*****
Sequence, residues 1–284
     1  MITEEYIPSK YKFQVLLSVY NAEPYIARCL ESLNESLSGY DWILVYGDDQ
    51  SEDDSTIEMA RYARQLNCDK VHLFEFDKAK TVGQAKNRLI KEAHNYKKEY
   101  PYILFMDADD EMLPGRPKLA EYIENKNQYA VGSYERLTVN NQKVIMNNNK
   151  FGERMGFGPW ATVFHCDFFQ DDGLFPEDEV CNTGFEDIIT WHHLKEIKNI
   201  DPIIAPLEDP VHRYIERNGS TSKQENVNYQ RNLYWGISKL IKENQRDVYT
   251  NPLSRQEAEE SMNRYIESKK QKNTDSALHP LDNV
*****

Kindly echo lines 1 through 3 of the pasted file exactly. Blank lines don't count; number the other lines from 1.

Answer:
Sequence, residues 1–284
     1  MITEEYIPSK YKFQVLLSVY NAEPYIARCL ESLNESLSGY DWILVYGDDQ
    51  SEDDSTIEMA RYARQLNCDK VHLFEFDKAK TVGQAKNRLI KEAHNYKKEY